Gazo Foudji and The Duffner & Kimberly Dragon

Some details of Gazo Foudji were kindly sent to me by David Boroff. He has been researching Foudji for some time and discovered that one of his works, a bed quilt featuring a Dragon, was uncannily similar to the one on Duffner and Kimberly’s dragon table lamp. It is with great thanks that I use much of the information that David furnished here in a summary form and look forward to seeing more results of his ongoing Foudji research.

In lamp circles, Foudji’s name first appeared in Mosaic Shades Vol 2 as part of the Duffner introduction. However, Foudji’s first meeting with Frank Duffner was at Phoenix Glass Co. in Monaca, PA. This was in the 1896-1901 time period when Foudji was decorating lamps for the Vollenden Ware line. He spent a couple of years in Paris, returning in summer of 1903. Soon after arriving, he started on the illustrations for the book, "The Love of Azalea" by Onoto Watanna , 1904.

There were six color plates and nearly 50 pages in relief, plus the outside cover. He then went to Zanesville, Ohio and started at Weller and Roseville designing the Fujiyama line of pottery in 1905. In May of that year, Foudji's wife and two adopted sons arrived from France.

A second assignment with Frank Duffner occurs, this time in May of 1906. Foudji is hired as head designer at Duffner and Kimberly. Foudji, now a well known and respected artist appears to have been a big influence upon the designs of lamps. The Dragon design was one, but perhaps there were several others that he produced in the early days of the company. The Dragon is certainly the most obviously aligned with his previous examples. The first appearing on an oil lamp at Phoenix and later on the bed quilt published in the Ladies Home Journal magazine of May 1905.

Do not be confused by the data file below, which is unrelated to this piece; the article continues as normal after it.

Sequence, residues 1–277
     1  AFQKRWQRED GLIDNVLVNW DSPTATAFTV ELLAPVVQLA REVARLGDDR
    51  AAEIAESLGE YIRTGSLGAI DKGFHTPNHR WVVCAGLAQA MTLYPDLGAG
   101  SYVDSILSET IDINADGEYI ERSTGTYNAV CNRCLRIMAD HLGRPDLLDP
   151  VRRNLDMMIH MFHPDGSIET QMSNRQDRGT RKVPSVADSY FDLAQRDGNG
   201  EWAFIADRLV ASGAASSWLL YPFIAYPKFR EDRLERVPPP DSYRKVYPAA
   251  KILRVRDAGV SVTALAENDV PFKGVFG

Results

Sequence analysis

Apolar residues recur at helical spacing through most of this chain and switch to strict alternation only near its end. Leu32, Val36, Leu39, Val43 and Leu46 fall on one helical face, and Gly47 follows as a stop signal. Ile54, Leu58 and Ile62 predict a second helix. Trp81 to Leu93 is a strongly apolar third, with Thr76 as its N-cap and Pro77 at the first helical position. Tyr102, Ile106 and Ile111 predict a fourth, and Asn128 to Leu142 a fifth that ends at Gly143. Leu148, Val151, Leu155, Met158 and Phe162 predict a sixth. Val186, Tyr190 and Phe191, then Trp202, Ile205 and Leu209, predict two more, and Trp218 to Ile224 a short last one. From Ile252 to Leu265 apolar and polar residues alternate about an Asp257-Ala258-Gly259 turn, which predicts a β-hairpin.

With the probable authoring of the Dragon design, there is also a possibility he worked on the 1906 color catalogue illustrations, all exquisitely illustrated and painted.

Foudji’s obituary in January of 1917 mentions that he also had worked at Tiffany Studios. Exactly when he was there has yet to be discovered. This was likely after his Duffner & Kimberly employment but before his engagement at Jefferson Glass Co. in West Virginia.

Prior to his death he became chief of the decorating staff at the Follansbee plant and instrumental in bringing together between 15 and 20 Japanese artists who made Follansbee their home.

Example 1

22" diameter leaded lamp by Duffner, 1 of several known examples. The story of how it surfaced.

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Example 2

A second known example. Images of a third example, with yellow eyes can be found on page 184 of Mosaic Shades Volume 2.

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